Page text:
EBU gets even more serious about HbbTV

The EBU (European Broadcast Union) has stepped up its campaign to make HbbTV a universal standard for hybrid broadcast by offering its members a free platform to deploy the technology, first at the Eurovision Song Contest and then at the 2012 Olympic Games in London. The Eurovision Song Contest, to be staged this year in Baku during May, is the EBU’s flagship annual event in which all its member countries submit a song to be performed on live TV and then cast votes for the others to determine a single winner.

The announcement coincided with a Creative Content Workshop held in Geneva on Feb. 3 for EBU members to share experiences and ideas for hybrid applications. Members agreed on common approaches to issues relating to the deployment of successful hybrid TV services, such as color-coded buttons, and a common market for hybrid television applications.

The applications for deploying HbbTV during the Eurovision Song Contest and then the 2012 Olympic Games in London were themselves donated by three EBU members, the German Institute for Radio Technology (IRT) representing 14 broadcasters, along with Spanish digital terrestrial operator Abertis Telecom, and DotScreen, a French creator of interactive applications for connected TV, tablets and smartphones. Each of these three is providing interactive applications enabling broadcasters to customize them for transmission of entertainment, news or sports to hybrid HbbTV boxes.

Momentum in Europe had been building behind HbbTV for hybrid broadcast during 2011, culminating in December when more than 20 EBU members agreed to collaborate over hybrid technologies. The members are now exchanging best practices, and supporting accelerated rollout of hybrid television services. In effect, this means that HbbTV has already become the standard for hybrid and connected TV throughout Europe, combining linear channels with internet content, while bringing interactivity and ability to deliver service packages to all relevant devices. The EBU stated that such cooperation was essential to realize the promise of hybrid technology enabling rich, multimedia services that can play on any platform, fully completing the convergence between broadcasting and the web.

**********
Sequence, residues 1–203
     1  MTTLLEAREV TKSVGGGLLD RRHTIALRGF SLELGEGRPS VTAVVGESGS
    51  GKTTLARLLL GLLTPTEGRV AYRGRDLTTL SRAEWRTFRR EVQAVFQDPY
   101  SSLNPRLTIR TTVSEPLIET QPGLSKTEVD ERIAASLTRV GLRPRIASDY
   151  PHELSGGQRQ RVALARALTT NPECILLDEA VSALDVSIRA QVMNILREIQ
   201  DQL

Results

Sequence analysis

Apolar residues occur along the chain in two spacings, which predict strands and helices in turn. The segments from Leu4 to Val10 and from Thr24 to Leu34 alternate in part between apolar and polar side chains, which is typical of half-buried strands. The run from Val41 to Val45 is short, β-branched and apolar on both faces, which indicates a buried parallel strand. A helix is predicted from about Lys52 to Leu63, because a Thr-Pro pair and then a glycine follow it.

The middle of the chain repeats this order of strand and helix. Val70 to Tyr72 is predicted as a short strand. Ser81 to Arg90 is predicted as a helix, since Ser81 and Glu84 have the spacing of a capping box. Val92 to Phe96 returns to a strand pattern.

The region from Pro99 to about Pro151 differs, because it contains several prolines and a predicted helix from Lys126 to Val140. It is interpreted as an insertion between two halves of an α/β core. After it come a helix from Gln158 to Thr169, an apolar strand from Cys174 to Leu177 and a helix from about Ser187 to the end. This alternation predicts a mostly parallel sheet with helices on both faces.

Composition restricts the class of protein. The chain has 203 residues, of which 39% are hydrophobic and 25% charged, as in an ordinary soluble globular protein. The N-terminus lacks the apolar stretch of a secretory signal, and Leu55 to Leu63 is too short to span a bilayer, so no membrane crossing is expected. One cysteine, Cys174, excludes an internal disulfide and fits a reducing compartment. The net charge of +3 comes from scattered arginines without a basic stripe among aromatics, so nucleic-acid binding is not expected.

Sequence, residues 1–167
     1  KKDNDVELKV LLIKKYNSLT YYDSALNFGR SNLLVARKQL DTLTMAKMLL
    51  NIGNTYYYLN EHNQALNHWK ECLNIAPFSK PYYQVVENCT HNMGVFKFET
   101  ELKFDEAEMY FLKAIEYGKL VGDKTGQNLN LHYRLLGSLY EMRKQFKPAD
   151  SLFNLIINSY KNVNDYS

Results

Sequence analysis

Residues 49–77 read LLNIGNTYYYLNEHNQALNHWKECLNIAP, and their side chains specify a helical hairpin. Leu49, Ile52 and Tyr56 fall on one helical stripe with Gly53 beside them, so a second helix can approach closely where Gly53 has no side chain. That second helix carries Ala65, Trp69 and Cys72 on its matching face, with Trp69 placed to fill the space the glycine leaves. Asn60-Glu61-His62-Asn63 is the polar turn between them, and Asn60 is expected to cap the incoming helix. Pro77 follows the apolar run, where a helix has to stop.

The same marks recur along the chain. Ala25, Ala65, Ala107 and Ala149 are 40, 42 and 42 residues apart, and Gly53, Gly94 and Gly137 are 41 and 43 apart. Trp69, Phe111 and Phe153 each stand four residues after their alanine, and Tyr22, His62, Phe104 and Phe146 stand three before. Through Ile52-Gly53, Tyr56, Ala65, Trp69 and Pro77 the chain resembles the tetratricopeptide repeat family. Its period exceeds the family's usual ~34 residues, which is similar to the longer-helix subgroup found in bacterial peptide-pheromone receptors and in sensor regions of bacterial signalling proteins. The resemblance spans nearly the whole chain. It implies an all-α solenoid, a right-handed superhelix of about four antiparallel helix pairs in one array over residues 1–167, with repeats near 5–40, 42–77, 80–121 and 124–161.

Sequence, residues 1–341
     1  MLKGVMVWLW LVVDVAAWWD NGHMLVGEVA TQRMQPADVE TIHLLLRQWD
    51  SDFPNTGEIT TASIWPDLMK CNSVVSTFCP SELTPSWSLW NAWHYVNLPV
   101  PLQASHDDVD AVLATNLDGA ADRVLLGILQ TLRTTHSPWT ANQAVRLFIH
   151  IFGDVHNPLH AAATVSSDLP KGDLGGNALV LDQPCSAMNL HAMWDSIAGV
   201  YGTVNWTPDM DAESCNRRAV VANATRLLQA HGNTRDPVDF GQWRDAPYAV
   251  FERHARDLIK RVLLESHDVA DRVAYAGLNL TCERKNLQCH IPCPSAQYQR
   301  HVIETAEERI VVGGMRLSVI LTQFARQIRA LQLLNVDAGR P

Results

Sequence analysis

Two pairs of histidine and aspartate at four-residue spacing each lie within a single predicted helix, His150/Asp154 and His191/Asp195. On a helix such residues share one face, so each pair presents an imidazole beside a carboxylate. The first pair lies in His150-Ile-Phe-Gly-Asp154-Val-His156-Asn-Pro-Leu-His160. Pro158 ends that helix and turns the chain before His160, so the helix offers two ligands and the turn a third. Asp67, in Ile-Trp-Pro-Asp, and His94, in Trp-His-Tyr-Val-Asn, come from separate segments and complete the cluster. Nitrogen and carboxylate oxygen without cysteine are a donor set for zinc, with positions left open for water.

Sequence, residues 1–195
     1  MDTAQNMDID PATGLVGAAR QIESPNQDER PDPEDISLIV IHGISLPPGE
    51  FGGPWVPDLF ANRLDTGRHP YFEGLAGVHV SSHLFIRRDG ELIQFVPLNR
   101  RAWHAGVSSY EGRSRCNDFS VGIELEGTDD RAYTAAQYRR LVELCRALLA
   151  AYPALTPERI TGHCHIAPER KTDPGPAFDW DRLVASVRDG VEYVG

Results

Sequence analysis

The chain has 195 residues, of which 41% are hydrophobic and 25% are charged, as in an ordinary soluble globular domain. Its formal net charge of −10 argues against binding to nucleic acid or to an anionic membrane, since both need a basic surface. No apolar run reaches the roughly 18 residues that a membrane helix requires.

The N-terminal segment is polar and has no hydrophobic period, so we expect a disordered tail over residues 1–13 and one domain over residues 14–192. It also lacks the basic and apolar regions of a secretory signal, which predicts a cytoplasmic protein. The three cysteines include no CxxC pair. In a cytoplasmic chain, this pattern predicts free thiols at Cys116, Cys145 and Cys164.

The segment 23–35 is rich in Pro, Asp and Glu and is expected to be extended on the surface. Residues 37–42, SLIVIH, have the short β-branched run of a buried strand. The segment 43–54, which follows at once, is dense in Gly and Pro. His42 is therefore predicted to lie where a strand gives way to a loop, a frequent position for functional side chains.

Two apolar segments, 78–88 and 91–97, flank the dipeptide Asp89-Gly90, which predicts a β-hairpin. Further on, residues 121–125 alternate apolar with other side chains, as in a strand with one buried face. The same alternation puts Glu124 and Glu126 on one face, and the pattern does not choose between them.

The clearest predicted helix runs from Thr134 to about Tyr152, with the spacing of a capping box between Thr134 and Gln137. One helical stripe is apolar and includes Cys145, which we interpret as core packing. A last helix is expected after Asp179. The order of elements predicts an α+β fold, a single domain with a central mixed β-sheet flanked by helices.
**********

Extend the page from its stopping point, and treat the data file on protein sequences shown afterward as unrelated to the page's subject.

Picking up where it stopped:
In signing up to this project, EBU members are also committing themselves to other emerging standards in the connected TV world, like MHP and MHEG-5.

The only significant European country that has not joined the HbbTV party so far is the UK, which has been developing alternative technology though the YouView project to develop a hybrid set-top box, backed by the four broadcasters BBC, Channel 4, Channel 5 and ITV, along with digital terrestrial infrastructure company Arqiva, and Internet Service Provider Talk Talk. The box may be launched this month, and availability has been promised for purchase by consumers in plenty of time for the London Olympics that begin in July.

It is likely that if HbbTV had achieved its current status at the time development of YouView, formerly Project Canvas, started, it would have been used for that as well. Indeed, the UK's Digital Television Group (DTG), the standards body responsible for setting and maintaining specifications for the country’s Freeview DTT platform, has now adopted HbbTV as its requirement for hybrid Internet/DTT services. This rather leaves YouView out in the cold, given that far more vendors of hybrid boxes will support HbbTV, given the larger target market. Inevitably supporting both HbbTV and YouView will increase costs, and it remains to be seen whether the UK will in time fall into line with HbbTV, and if so how long it will hold out.